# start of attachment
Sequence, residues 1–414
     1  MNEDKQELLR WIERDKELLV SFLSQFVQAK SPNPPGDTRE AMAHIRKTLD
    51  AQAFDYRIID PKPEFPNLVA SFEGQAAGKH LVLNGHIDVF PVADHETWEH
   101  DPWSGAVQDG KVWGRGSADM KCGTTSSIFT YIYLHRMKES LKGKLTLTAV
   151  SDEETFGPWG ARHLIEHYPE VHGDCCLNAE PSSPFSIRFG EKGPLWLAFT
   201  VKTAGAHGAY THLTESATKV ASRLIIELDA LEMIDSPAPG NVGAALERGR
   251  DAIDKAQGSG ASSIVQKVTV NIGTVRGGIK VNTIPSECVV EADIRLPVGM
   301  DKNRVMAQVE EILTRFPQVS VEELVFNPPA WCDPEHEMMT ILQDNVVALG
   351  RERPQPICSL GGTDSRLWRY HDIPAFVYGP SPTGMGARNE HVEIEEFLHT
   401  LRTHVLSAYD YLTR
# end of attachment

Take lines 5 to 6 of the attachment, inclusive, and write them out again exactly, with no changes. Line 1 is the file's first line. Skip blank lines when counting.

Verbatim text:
   151  SDEETFGPWG ARHLIEHYPE VHGDCCLNAE PSSPFSIRFG EKGPLWLAFT
   201  VKTAGAHGAY THLTESATKV ASRLIIELDA LEMIDSPAPG NVGAALERGR